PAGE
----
This presumably helps to bring down the required deposit for those who can obtain such a loan, even in the most expensive metropolis of Sydney, to a more manageable level, with the added bonus that mortgage repayments are at the cheapest levels we’ve seen in a generation right now.

Remember that first-timers who are being realistic shouldn’t be looking at buying median-priced property. If, collectively, they are looking at the middle sector rather than the lower rungs of the ladders, then essentially our market dynamics are truly stuffed beyond repair.

I’d caution, though, that if you aren’t in a position to save such a deposit comfortably, it’s probably not a great time to buy, for interest rates close to the zero bound only realistically have room to move significantly in one direction over the medium term, and that’s not down.

If saving a deposit is not a manageable task at this point, taking on a 25 year mortgage is probably too risky a financial decision and in the absence of wage increases would leave the potential buyer massively exposed to default as and when the official cash rate reverts to the mean and borrowing rates follow.

Clearly, in today’s markets, the dice are firmly loaded in favour of the dual income household, which is one of the reasons I expect that first homebuyers in the future are likely to be in their early 30s rather than 20s.

In a generation we’ve seen a tremendous shift in the labour force towards both young men and women earning salaries, which most people agree is a great thing and representative of progress. The clear downside has been that, in trying to ‘keep up with the Joneses’, we’ve collectively lifted the deposit hurdle by using two incomes instead of one to ‘get ahead’ and to lift dwelling values higher.

Unfortunately, with two incomes now as much the norm as the exception, those of us in dual income households really aren’t all that much ahead. Ah, the fallibility of it all.

All of the above said, I do believe that ultimately the market will speak, and as and when property prices cannot be afforded they will not be, and dwelling prices will correct themselves. Presently, our major bank data shows that non-performing loans are running at low levels in Australia. If that changes, I believe, so will market prices.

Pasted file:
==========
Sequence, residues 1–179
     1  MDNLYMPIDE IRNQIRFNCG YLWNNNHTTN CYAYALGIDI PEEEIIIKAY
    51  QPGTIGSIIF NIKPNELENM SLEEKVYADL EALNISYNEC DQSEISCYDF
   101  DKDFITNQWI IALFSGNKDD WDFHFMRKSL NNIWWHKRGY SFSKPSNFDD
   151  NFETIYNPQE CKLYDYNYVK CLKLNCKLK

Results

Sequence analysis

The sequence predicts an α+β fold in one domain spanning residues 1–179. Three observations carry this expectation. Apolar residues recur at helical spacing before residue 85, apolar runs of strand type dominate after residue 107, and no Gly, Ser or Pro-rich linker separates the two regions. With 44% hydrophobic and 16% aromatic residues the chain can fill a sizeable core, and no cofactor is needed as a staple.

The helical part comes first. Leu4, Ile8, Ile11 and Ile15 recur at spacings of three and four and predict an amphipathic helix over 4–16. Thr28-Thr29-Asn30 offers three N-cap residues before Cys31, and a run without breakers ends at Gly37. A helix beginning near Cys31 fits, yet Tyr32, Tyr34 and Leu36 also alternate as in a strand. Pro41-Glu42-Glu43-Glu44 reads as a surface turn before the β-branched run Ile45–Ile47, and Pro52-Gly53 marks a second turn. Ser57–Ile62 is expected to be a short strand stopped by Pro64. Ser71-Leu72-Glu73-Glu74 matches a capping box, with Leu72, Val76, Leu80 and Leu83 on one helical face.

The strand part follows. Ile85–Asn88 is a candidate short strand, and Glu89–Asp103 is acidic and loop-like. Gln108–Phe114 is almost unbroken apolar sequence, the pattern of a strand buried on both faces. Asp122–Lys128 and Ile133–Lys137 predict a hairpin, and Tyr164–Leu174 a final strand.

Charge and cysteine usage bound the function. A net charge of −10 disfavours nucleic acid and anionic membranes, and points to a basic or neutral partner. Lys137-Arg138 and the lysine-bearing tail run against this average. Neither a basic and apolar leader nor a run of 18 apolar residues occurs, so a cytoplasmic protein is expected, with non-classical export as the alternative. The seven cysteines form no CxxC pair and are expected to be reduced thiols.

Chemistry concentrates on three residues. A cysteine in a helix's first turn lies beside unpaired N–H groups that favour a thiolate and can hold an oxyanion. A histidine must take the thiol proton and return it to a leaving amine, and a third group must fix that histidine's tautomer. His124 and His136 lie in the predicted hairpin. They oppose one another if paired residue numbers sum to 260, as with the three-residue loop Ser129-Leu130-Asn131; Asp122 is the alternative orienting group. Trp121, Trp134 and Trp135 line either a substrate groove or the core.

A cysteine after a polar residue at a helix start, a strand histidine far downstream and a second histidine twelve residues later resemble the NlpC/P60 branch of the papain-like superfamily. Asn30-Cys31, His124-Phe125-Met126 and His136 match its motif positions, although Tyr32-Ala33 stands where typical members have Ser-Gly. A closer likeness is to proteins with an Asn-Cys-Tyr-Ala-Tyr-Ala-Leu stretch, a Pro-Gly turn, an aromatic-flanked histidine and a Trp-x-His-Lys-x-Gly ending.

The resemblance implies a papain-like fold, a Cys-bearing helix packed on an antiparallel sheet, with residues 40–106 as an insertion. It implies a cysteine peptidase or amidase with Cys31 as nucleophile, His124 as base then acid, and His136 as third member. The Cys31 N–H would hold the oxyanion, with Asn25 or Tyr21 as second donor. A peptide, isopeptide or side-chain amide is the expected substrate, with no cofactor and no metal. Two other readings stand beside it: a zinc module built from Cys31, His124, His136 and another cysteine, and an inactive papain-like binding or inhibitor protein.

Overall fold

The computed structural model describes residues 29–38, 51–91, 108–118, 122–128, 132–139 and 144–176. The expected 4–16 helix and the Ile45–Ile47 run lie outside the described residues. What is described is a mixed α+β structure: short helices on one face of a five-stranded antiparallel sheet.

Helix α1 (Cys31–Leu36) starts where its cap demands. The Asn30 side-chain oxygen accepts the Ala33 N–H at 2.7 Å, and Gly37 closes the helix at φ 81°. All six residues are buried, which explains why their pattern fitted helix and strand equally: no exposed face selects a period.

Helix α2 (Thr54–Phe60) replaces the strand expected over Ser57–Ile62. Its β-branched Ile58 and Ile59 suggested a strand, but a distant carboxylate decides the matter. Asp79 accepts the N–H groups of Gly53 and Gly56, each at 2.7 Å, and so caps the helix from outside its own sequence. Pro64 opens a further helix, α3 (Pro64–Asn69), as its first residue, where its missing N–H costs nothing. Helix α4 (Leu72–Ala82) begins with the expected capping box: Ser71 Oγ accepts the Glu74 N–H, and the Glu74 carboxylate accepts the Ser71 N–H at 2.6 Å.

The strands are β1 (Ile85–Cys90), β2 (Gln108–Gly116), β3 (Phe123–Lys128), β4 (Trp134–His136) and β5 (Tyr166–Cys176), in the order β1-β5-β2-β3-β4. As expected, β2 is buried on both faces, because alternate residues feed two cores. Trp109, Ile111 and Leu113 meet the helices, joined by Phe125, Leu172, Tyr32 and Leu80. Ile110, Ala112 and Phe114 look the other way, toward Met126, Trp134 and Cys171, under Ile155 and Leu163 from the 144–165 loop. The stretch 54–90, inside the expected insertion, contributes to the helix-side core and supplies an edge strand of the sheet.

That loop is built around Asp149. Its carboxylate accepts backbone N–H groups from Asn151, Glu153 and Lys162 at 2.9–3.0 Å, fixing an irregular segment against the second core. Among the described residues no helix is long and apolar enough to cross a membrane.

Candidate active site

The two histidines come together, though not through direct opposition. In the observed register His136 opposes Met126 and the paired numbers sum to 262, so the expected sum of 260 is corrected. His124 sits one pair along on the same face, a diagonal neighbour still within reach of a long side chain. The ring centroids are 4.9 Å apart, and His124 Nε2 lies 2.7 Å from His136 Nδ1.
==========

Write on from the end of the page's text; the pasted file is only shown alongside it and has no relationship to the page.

Monetary policy

Watch out for any changes in the wording in the next policy statement from the Reserve Bank, and expect to see the first meaningful references towards noting a shift in real estate speculative investment activity.

The December 2013 statement appeared remarkably flippant towards the sector, seemingly implying that an uplift in prices should encourage more investment (i.e. dwelling construction, rather than speculation) with little in the way of caution expressed.

Here’s what RP Data reckons has happened to dwelling values over the past 12 months.


Not much cop in Adelaide, but prices recovering in most other cities to either close to or above previous nominal highs.

In inflation-adjusted terms (by which I think he means CPI) RP Data’s Cameron Kusher has prices at ~5% below previous respective peaks.

I’d probably normally say that an adjustment for household incomes rather than a basket of CPI goodies would be a superior measurement criterion, but given that wages growth has been subdued, the results would probably be fairly similar in any case.

Anyway, that was my half hour brain dump. Better go do some work now.




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is a Chartered Accountant, Chartered Secretary and has a Financial Planning Diploma. Using a long term approach to building businesses, investing in equities, & owning a portfolio he achieved financial independence at the age of 33. Visit his blog